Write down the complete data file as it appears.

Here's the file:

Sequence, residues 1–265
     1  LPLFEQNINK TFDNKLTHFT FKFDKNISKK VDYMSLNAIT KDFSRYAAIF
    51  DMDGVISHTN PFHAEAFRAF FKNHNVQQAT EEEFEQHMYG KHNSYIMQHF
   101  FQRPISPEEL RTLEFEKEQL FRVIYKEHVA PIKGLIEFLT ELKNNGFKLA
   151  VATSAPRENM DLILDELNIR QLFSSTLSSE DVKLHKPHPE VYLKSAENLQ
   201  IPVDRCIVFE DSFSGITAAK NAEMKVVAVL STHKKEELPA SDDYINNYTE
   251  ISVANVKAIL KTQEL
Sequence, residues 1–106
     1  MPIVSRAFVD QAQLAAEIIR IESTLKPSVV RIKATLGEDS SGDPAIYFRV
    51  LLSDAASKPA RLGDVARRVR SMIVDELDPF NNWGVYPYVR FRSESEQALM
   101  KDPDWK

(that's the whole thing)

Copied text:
Sequence, residues 1–265
     1  LPLFEQNINK TFDNKLTHFT FKFDKNISKK VDYMSLNAIT KDFSRYAAIF
    51  DMDGVISHTN PFHAEAFRAF FKNHNVQQAT EEEFEQHMYG KHNSYIMQHF
   101  FQRPISPEEL RTLEFEKEQL FRVIYKEHVA PIKGLIEFLT ELKNNGFKLA
   151  VATSAPRENM DLILDELNIR QLFSSTLSSE DVKLHKPHPE VYLKSAENLQ
   201  IPVDRCIVFE DSFSGITAAK NAEMKVVAVL STHKKEELPA SDDYINNYTE
   251  ISVANVKAIL KTQEL
Sequence, residues 1–106
     1  MPIVSRAFVD QAQLAAEIIR IESTLKPSVV RIKATLGEDS SGDPAIYFRV
    51  LLSDAASKPA RLGDVARRVR SMIVDELDPF NNWGVYPYVR FRSESEQALM
   101  KDPDWK